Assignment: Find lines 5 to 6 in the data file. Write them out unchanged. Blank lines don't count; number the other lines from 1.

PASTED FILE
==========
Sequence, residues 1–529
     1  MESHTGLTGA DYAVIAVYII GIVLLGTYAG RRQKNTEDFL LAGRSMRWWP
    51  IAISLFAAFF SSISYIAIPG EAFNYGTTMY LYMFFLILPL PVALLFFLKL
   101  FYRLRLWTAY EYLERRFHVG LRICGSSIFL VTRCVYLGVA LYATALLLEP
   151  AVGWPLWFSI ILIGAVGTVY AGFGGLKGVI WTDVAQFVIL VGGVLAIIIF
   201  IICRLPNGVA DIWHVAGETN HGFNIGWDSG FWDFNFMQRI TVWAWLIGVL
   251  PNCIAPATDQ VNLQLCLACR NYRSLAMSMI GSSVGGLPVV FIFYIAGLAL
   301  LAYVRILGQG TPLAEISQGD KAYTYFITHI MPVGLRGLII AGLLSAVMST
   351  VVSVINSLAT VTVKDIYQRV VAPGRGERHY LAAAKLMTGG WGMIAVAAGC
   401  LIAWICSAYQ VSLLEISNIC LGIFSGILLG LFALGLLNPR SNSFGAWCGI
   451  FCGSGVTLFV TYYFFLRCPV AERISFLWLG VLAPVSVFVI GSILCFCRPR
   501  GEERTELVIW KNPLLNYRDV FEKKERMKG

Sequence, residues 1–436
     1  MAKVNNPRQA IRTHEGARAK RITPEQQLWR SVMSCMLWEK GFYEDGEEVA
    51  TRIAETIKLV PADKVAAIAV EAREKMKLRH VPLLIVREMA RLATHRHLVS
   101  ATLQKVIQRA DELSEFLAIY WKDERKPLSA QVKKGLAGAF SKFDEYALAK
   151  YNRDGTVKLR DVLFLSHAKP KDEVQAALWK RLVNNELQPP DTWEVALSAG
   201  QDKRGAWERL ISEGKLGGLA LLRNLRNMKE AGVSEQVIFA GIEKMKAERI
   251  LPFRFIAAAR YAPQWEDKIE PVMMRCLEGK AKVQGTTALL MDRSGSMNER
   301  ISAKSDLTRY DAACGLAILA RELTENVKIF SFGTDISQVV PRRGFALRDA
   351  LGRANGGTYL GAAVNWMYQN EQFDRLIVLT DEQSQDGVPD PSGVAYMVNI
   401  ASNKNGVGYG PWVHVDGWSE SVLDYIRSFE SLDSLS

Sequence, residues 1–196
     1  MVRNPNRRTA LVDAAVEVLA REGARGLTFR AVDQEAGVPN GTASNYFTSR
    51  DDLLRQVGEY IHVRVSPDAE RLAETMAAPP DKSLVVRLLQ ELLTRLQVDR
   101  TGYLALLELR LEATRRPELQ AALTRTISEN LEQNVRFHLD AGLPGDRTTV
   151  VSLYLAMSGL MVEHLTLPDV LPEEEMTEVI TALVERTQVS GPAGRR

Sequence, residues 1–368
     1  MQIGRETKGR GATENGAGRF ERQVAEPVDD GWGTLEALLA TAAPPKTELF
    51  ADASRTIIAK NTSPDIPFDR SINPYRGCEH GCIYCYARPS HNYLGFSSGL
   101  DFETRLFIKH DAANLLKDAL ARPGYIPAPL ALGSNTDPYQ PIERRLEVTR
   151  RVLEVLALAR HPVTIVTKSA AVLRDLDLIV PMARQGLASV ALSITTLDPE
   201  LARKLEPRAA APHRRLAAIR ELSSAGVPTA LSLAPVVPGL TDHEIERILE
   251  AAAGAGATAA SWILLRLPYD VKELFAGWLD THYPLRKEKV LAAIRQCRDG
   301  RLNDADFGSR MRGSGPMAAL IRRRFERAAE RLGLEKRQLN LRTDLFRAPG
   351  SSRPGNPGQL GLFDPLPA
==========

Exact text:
   151  AVGWPLWFSI ILIGAVGTVY AGFGGLKGVI WTDVAQFVIL VGGVLAIIIF
   201  IICRLPNGVA DIWHVAGETN HGFNIGWDSG FWDFNFMQRI TVWAWLIGVL